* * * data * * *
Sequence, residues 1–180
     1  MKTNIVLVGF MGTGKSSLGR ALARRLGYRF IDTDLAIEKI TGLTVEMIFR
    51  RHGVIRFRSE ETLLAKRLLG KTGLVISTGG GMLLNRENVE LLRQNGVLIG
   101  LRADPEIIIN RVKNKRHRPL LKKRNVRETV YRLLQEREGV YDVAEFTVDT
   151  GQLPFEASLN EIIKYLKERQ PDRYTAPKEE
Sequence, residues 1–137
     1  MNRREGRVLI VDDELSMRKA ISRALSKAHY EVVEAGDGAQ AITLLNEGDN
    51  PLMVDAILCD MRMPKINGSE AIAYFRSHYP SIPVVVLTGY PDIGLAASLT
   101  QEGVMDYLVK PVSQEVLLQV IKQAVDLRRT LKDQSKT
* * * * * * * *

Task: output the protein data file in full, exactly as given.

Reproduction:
Sequence, residues 1–180
     1  MKTNIVLVGF MGTGKSSLGR ALARRLGYRF IDTDLAIEKI TGLTVEMIFR
    51  RHGVIRFRSE ETLLAKRLLG KTGLVISTGG GMLLNRENVE LLRQNGVLIG
   101  LRADPEIIIN RVKNKRHRPL LKKRNVRETV YRLLQEREGV YDVAEFTVDT
   151  GQLPFEASLN EIIKYLKERQ PDRYTAPKEE
Sequence, residues 1–137
     1  MNRREGRVLI VDDELSMRKA ISRALSKAHY EVVEAGDGAQ AITLLNEGDN
    51  PLMVDAILCD MRMPKINGSE AIAYFRSHYP SIPVVVLTGY PDIGLAASLT
   101  QEGVMDYLVK PVSQEVLLQV IKQAVDLRRT LKDQSKT